Feds Want Flexible Policy to Regulate the Internet of Things

Legislators see the need for regulating the Internet of Things, but are wary of discouraging innovation in the world of connected devices.

by / December 5, 2014

The Internet of Things (IoT) needs to be regulated, but the ground rules must not stifle innovation, according to some federal lawmakers.

Sens. Kelly Ayotte, R-N.H.; Deb Fischer, R-Neb.; Brian Schatz, D-Hawaii; and Rep. Suzan DelBene, D-Wash., all stressed the need for policymakers to take a light but firm hand on how to address the benefits and complex data security and privacy issues associated with machine-to-machine communication as connected technology continues to expand worldwide.

The foursome delivered their remarks at the Center for Data Innovation’s “How Can Policymakers Help Build the Internet of Things?” event on Thursday, Dec. 4, in Washington, D.C. They cited a plethora of statistics noting that more than 37 billion intelligent devices will be online and connected by 2020, and 90 percent of the world’s data has been generated just in the last two years.

As a result, the assembled elected leaders presented a united front encouraging education on IoT and the need for immediate policymaking on the topic before becomes too cumbersome to appropriately regulate.

“First, policymakers can’t bury their heads in the sand and pretend this technological revolution isn’t happening, only to wake up years down the road and try to micromanage a fast-changing, dynamic industry,” Fischer said. “Second, the federal government must also avoid regulation just for the sake of regulation. We need thoughtful, pragmatic responses and narrow solutions to any policy issues that arise.”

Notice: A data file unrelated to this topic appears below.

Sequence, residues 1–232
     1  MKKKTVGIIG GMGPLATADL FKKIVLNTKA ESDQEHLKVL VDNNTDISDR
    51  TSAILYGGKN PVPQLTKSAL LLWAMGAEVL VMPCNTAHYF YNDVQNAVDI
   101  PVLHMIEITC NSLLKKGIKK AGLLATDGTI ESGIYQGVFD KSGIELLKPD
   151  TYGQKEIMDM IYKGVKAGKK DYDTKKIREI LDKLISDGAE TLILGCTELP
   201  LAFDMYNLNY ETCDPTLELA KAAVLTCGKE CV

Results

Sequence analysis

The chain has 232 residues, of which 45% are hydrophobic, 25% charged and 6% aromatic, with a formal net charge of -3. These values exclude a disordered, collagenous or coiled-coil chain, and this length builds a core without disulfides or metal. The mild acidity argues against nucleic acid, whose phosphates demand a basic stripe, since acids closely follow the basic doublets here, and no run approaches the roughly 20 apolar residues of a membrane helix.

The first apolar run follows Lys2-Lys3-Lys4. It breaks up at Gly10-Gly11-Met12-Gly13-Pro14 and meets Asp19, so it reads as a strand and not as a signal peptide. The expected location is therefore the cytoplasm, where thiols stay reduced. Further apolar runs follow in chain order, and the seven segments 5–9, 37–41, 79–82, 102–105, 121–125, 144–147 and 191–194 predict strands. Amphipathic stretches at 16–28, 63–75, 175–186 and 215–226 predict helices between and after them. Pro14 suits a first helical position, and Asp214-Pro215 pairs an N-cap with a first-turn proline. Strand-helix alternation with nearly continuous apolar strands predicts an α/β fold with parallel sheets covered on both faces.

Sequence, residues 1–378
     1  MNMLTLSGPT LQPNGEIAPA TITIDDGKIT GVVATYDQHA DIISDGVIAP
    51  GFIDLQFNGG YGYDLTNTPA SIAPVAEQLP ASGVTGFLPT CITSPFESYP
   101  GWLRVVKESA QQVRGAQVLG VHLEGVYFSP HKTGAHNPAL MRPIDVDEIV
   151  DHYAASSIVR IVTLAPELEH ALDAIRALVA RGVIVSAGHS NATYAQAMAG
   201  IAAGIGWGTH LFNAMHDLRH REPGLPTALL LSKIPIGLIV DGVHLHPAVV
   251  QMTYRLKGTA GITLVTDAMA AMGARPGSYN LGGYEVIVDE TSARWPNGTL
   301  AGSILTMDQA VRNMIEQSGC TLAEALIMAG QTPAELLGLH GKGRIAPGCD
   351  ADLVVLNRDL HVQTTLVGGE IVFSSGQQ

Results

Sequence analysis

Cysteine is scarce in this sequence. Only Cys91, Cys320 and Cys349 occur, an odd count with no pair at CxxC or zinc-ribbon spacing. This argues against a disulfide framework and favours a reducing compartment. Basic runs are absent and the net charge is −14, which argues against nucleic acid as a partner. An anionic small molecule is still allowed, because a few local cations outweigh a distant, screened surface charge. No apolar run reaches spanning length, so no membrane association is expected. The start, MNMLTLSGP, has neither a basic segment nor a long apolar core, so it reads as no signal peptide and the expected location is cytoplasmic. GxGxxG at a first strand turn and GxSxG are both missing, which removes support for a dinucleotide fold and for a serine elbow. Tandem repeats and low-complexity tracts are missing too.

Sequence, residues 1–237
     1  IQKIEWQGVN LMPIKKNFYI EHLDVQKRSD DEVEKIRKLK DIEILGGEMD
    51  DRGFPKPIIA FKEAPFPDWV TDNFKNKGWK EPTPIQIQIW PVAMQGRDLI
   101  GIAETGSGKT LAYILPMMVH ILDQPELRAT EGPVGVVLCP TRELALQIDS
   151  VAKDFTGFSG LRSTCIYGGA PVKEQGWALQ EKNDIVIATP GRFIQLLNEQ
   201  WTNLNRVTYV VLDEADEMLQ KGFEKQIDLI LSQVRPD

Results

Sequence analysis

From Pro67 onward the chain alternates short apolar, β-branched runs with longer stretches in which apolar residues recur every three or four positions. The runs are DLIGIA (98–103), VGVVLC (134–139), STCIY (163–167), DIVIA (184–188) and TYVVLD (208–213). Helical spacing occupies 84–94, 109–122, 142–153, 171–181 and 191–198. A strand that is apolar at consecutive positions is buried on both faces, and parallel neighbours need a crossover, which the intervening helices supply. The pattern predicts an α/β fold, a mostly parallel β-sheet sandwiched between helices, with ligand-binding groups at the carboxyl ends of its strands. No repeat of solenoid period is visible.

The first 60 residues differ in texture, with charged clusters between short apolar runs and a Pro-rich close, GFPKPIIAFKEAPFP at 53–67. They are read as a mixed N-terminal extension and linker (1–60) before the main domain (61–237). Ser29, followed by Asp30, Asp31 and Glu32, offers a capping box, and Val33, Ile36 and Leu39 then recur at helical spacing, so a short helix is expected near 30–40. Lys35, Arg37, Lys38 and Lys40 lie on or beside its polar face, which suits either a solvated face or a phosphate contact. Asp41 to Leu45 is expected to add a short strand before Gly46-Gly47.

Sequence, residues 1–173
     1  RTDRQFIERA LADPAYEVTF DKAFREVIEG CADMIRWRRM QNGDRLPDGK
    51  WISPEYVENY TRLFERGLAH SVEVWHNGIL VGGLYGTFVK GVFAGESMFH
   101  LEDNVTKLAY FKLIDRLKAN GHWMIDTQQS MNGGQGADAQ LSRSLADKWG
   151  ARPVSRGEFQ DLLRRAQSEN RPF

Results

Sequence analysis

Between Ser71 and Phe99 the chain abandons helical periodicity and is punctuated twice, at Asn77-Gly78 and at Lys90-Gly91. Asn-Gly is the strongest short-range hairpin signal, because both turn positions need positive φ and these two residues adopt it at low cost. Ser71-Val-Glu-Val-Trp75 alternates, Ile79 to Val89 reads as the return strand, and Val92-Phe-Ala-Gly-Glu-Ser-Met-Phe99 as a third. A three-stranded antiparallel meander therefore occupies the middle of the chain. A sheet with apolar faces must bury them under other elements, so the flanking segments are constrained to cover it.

Ayotte agreed, adding that the IoT is an opportunity for economic growth and could be the driving strength of a renewed emphasis on manufacturing in the U.S. Ayotte said she and her fellow lawmakers must create an environment that fosters innovation instead of thwarting its growth.

“Governments shouldn’t be a deterrent to job creation and innovation,” she said.

Ayotte, Fischer, Schatz, and Sen. Cory Booker, D-N.J. – all of whom are members of the Senate Committee on Commerce, Science, and Transportation – have written Committee Chairman Jay Rockefeller, D-W.V., and Ranking Member John Thune, R-S.D., for an oversight hearing next year on the future of the IoT and wearable technologies.

DelBene’s keynote addressed how outdated the United States’ current laws are regarding communication. She said there is a disparity about how physical and electronic documents are treated in terms of privacy and said privacy and data security was paramount in regulating the IoT.

The Washington state representative also stressed a need for ongoing dialog between innovators and lawmakers to help them better understand the nuances of how technology will affect peoples’ daily lives.

DelBene worked for Microsoft in the 1980s and noted that more tech people are involved in policymaking now. But she was adamant that influx of innovators in the legislative process needs to continue growing so that people think of technology as something embedded in everyday life, as opposed to just high-tech tools.

Schatz echoed DelBene’s concerns over the data privacy and security risks associated with the IoT. He said that a team of University of Michigan researchers recently found that network traffic lights are susceptible to hacking, providing further proof that some sort of regulatory scheme is necessary for machine-to-machine data.

But Schatz also said that while technologists and other people vested in the business of data are intimately familiar with the IoT's benefits and concerns, the general population isn’t – and that needs to change.

“Nobody knows what this is, but yet it’s incredibly important,” Schatz said. “Every second, nearly 100 things are being connected. The reality is that while few people know what IoT is, they are already exposed to it when they cross the street or wash their hands.”

Brian Heaton

Brian Heaton was a writer for Government Technology magazine from 2011 to mid-2015.